(3-(3-Nitrophenyl)bicyclo[2.2.1]hept-5-en-2-yl)(2-hydroxynaphthalen-1-yl)methanone: 21 IR(KBr) 3459.86, 3097.15, 2889.31, 1691.36, 1578.32, 1465.37, 1342.36, 1105.35, 1023.34, 823.51cm-1; 1H NMR(400MHz, CDCl3): ?? 3.234(dd, 1H, H1) J= 10.28 and 8.63Hz, 3.668(t, 1H, H2), 3.551(t, 1H, H3), 2.679(dd, 1H, H4) J= 9.82 and 10.60Hz, 6.462(d, 1H, H5), 6.439(d, 1H, H6), 2.001(dd, 1H, H7) J= 6.82 and 6.68Hz, 1.742(dd, 1H, H7′) J= 8.84 and 6.62 Hz, 7.766-8.683(m, 10H, Ar-H); 13C NMR(100MHz, CDCl3): ?? 191.23(CO), 44.82(C1), 51.98(C2), 45.84(C3), 50.16(C4), 136.82(C5,6),47.37(C7), 124.95-154.95(Ar-C).
(3-(4-Nitrophenyl)bicyclo[2.2.1]hept-5-en-2-yl)(2-hydroxynaphthalen-1-yl)methanone: 22. IR(KBr) 3455.98, 3092.34, 1686.76, 1548.22, 1498.13, 1176.16, 998.83, 885.43 cm-1; 1H NMR(400 MHz, CDCl3): ?? 3.124(dd, 1H, H1) J= 17.2 and 6.1Hz, 3.743(t, 1H, H2), 3.527(t, 1H, H3), 2.756(dd, 1H, H4) J= 12.0 and 4.8Hz, 6.349(d, 1H, H5), 6.436(d, 1H, H6), 2.202(dd, 1H, H7) J= 12.8 and 4.8Hz, 1.4414(dd, 1H, H7’) J= 10.8 and 7.2Hz, 7.263-8.561(m, 10H, Ar-H); 13C NMR(100MHz, CDCl3): ?? 189.38(CO), 43.72(C1), 52.48(C2), 44.54(C3), 50.36(C4), 135.72(C5,6), 46.57(C7), 125.36-153.29(Ar-C).
3.1. Antimicrobial activities
Measuring the mm of zone of inhibition of the compounds against the bacterial and fungal strains method was adopted for the evaluation of antimicrobial activities of prepared 3-(substituted phenyl)bicyclo[2.2.1]hept-5-en-2-yl)(2-hydroxynaphthalen-1-yl)methanones (entries 11-22). The author have chosen two gram positive pathogenic strains Staphylococcus aureus, Entrocccus faecalis while Escherichia coli, Klebsiella species, Psuedomonas and Proteus vulgaris were the gram negative strains in the present investigations. At a concentarion of 250??g/mL, the disc diffusion technique was followed (Vanagamudi et al., 2013) with Ampicillin and Streptomycin taken as the standard drugs fro evaluation of mm of zone of inhibition. For the measurement of mm of zone of inhibition of antifungal activities of all methanones using Candida albicans as the fungal strain and the disc diffusion technique was followed for the antifungal activity while the two other stains Penicillium species and Aspergillus niger, the dilution method was used. The drugs dilution concentration was 50??g/mL. Grisseofulvin was taken as the standard drug.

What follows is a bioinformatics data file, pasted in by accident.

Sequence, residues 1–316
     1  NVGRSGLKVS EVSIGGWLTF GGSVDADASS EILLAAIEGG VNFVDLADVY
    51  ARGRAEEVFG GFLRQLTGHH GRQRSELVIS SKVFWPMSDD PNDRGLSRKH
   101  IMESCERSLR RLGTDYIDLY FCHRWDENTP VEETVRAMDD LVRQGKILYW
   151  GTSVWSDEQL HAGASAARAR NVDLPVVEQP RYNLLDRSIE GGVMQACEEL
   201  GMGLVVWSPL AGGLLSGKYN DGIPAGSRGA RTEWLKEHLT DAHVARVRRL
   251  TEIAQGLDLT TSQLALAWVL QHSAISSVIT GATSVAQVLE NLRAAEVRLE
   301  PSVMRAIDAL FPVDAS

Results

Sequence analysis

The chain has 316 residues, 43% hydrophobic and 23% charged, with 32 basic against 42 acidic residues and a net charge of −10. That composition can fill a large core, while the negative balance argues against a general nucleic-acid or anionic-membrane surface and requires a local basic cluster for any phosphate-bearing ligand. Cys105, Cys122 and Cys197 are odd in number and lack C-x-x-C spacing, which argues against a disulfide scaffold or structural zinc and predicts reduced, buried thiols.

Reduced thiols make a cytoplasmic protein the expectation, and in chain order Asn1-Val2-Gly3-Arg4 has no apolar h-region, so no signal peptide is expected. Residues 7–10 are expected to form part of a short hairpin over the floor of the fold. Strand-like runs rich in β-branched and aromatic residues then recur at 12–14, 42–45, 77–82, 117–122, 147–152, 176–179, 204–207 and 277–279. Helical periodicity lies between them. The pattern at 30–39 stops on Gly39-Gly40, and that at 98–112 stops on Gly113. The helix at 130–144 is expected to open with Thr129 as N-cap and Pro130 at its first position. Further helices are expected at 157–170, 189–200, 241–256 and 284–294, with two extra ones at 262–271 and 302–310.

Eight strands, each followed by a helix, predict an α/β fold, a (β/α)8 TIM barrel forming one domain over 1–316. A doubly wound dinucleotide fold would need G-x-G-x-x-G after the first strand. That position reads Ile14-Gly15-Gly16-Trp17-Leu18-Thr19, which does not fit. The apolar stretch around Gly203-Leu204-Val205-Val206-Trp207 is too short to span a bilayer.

3.1.1. Antibacterial sensitivity assay
Antibacterial sensitivity assay of (2-hydroxynaphthalen-1-yl)(3-substituted phenylbicyclo[2.2.1]hept-5-en-2-yl)methanones (entries 11-22) were performed using (Vanagamudi et al., 2013) disc diffusion technique. On every petri plate about 0.5 mL of the test bacterial sample was spread uniformly over the solidified Mueller Hinton agar using sterile glass spreader. About 5mm diameter of the discs were made up of Whatmann No.1 filter paper and impregnated with the solution of the compound were placed on the medium using sterile forceps. The plates were incubated for 24 h at 37oC by keeping the plates upside down to prevent the collection of water droplets over the medium. After 24 h, each petri plates were visually examined and the diameter values of the zone of inhibition were measured. Repeating the same procedure, the triplicate results were recorded.
The disc diffusion technique was followed (Vanagamudi et al., 2013) at a concentration of 250 ??g/mL with Ampicillin and Streptomycin used as the standard drugs. The measured antibacterial activities in the terms of mm of zone of inhibition of all methanones were presented in Table 3. Compounds 13-16 were shown maximum zone of inhibition against Escherichia coli, with greater than 20 mm of zone of inhibition compared to the methanones 12, 19, and 22 are moderately active in 13-19 mm of zone of inhibition. Ketones 18 and 21 are active with in 8-12 mm of zone of inhibition. The methanone derivatives 14, 16 and 17 were found to be effective against S. aureus greater than 20-24 mm of zone of inhibition. Compounds 13, 19 and 20 were moderately active greater than 13-19 mm of zone of inhibition. The methanone 12 and 15 were active within 8-12 mm of zone of inhibition. The methanone derivatives 14 and 16 were more active against Pseudomonas showing greater than 20 mm zone of inhibition and the other derivatives 11, 13, 17, 18, 21 and 22 were showed the zone of inhibitions between 13-19 mm. Compounds 15, 19 and 20 have shown moderately active with the zone of inhibition of 8-12 mm. The ketones 12, 15, 16 and 22 are effective against Klebsiella with 20-24 mm zone of inhibition while the other ketones showed a moderate activity. The methanones 11, 14, 16 and 19 were active when it is screened against P. vulgaris and the other compounds were found to be less effective. The ketones 11, 13 and 15 showed activities against E-faecalis when they are screened with 20-24 mm zone of inhibition.
3.1.2. Antifungal sensitivity assay